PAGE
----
6. 6. Nomura Fixed Income Research occurrence of a credit event under any CDS in the underlying portfolio has essentially the same effect as if the CDO had purchased a bond that subsequently defaulted. Other synthetic CDOs issue unfunded classes as well as regular classes. An unfunded class is like a CDS that references the whole underlying portfolio of the synthetic CDO (which itself consists of CDS). An investor that quot;purchasesquot; an unfunded class does not pay a purchase price. Rather, the investor receives payments as a protection seller and must pay the CDO issuer (as the protection buyer) if the underlying portfolio suffers losses above a specified level. For example, a hypothetical partially unfunded synthetic CDO might have the following capital structure: Table 2: Example of Synthetic Partially-Funded CDO Capital Structure ($150 million funded, $850 million unfunded) Attachment & Amount Pct. of Subordina- Ratings Class Detachment ($ millions) Deal tion (%) (Moody's/S&P) Levels Super Senior 850 85.0 15.0 not rated 15%-100% (unfunded) Class A 50 5.0 10.0 Aaa/AAA 10%-15% Class B 30 3.0 7.0 Aa2/AA 7%-10% Class C 30 3.0 4.0 Baa2/BBB 4%-7% Equity 40 4.0 0.0 not rated 0%-4% Total 1,000 100.0 Assumes the underlying portfolio consists of CDS on 100 reference entities having an average rating of roughly BBB and that all underlying exposures are investment grade. The $150 million proceeds from issuing funded tranches is invested in low-risk (i.e., highly rated) securities. The quot;super seniorquot; tranche in the example above is unfunded. The holder of that tranche makes no principal investment but receives payments for assuming the risk that losses on the underlying portfolio exceed 15% ($150 million). If they do, the holder of the super senior tranche would be required to pay the CDO issuer the amount of losses above that level. The holder of the super senior tranche is in a position similar to an insurance company that writes an $850 million insurance policy with a $150 million deductible. The holder of the super senior tranche should feel pretty safe because the likelihood that losses will exceed $150 million is quite small. This is evident from the triple-A ratings on the Class A tranche, which is subordinate to the super senior tranche. Apart from the super senior tranche, the other tranches of the synthetic CDO are funded. That is, the holders of those tranches invest the principal amount of their tranches. They receive interest payments to compensate them both for the risk that they take and for the time value of their invested principal. VIII. Single-Tranche CDOs Beyond synthetic CDOs, there are quot;single-tranche CDOs.quot; A single-tranche CDO is one where the sponsor sells only one tranche from the capital structure of a synthetic CDO. For example, using the capital structure shown in Table 2, the sponsor might sell only the Class C tranche. The investor would bear the risk that losses on the underlying portfolio exceed 4% ($40 million). If losses reach 7%, the tranche would be wiped out. Between 4% and 7%, each dollar of losses on the underlying portfolio translates into a dollar of losses for the holder of the Class C tranche. From the sponsor's perspective, selling the Class C tranche amounts to buying 3% of protection on the whole underlying portfolio, subject to 4% deductible (in insurance terms). In CDO jargon, the Class C tranche has an quot;attachment pointquot; at 4% and a quot;detachment pointquot; at 7%. The sponsor tries to earn a profit by re-selling protection on each of the individual reference entities included in the underlying portfolio. Naturally, the sponsor needs to have an elaborate computer model to determine (6)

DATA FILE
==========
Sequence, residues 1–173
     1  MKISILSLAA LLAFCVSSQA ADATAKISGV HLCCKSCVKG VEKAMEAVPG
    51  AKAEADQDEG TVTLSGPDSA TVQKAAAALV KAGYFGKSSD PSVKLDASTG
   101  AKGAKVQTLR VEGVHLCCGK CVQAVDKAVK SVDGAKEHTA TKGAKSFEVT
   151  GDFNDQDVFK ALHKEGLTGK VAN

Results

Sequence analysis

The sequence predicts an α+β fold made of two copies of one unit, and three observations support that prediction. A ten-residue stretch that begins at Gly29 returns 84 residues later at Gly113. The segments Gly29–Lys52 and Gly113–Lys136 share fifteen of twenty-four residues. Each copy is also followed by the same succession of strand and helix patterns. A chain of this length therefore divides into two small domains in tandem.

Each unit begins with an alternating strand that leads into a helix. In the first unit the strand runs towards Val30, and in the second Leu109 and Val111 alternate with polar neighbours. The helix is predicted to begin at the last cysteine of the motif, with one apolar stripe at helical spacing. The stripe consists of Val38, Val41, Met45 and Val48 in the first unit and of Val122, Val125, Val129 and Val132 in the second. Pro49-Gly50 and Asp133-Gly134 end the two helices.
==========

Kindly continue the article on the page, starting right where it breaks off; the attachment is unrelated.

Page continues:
7. 7. Nomura Fixed Income Research the right amount of protection to sell on each one. In effect, the sponsor buys protection in bulk form and sells it in smaller, individual pieces. IX. Conclusion There is so much to say about CDOs that I cannot possibly fit it all into a quick letter home. As you can see, the details of the product seem somewhat complicated. However, the special jargon for the product makes things seem much more complicated than they really are. In truth, nothing I've learned yet about CDOs seems nearly as complicated helping Uncle Hank last summer to fix the automatic transmission in his old Buick – that was really hard. Anyway, I'll tell you the rest of what I've learned about CDOs when I come home to visit later in the summer. Please give Buffy and Jody a hug from me. Love, Pat X. Further Readings on CDOs Adelson, M., What a Coincidence? One Reason Why CDOs and ABS Backed by Aircraft, Franchise Loans, and 12b-1 Fees Performed Poorly in 2002, Nomura Fixed Income Research (19 May 2004). Cheng, K. et al., CDO Spotlight: General Cash Flow Analytics for CDO Securitizations, Standard & Poor's (25 Aug 2004). Cifuentes, A., and Wilcox, C., The Double Binomial Method and Its Application to a Special Case of CBO Structures, Moody's Investors Service (20 Mar 1998). Criteria for Rating Synthetic CDO Transactions, Standard & Poor's (Sep 2003). Crousillat, C., Moody's Rating Methodology: An Alternative Approach to Evaluating Market Value CDOs, Moody's Investors Service (5 Dec 2002). Falcone, Y., and Gluck, J., Moody's Approach to Rating Market-Value CDOs, Moody's Investors Service (3 Apr 1998). Gibson, M., Understanding the Risk of Synthetic CDOs, working paper (rev. Jul 2004). Global Cash Flow and Synthetic CDO Criteria, Standard & Poor's (21 Mar 2002). Gluck, J., 2000 CDO Review/2001 Preview: Growth of Synthetics Overshadows Troubles in High-Yield Debt Market, Moody's Investor's Service (19 Jan 2001). _______, 2001 Review and 2002: CDO Growth Uneven in a Challenging Year, Moody's Investor's Service (25 Jan Feb 2002). _______, 2002 U.S. CDO Review/2003 Preview: Sluggish Growth Amid Further Corporate Weakness, Moody's Investor's Service (7 Feb 2003). _______, 2003 U.S. CDO Review/2004 Preview: No Growth, But the Credit Outlook Begins to Turn, Moody's Investors Service (10 Feb 2004). Gluck, J., and Remeza, H., Moody's Approach to Rating Multisector CDOs, Moody's Investors Service (15 Sep 2000). (7)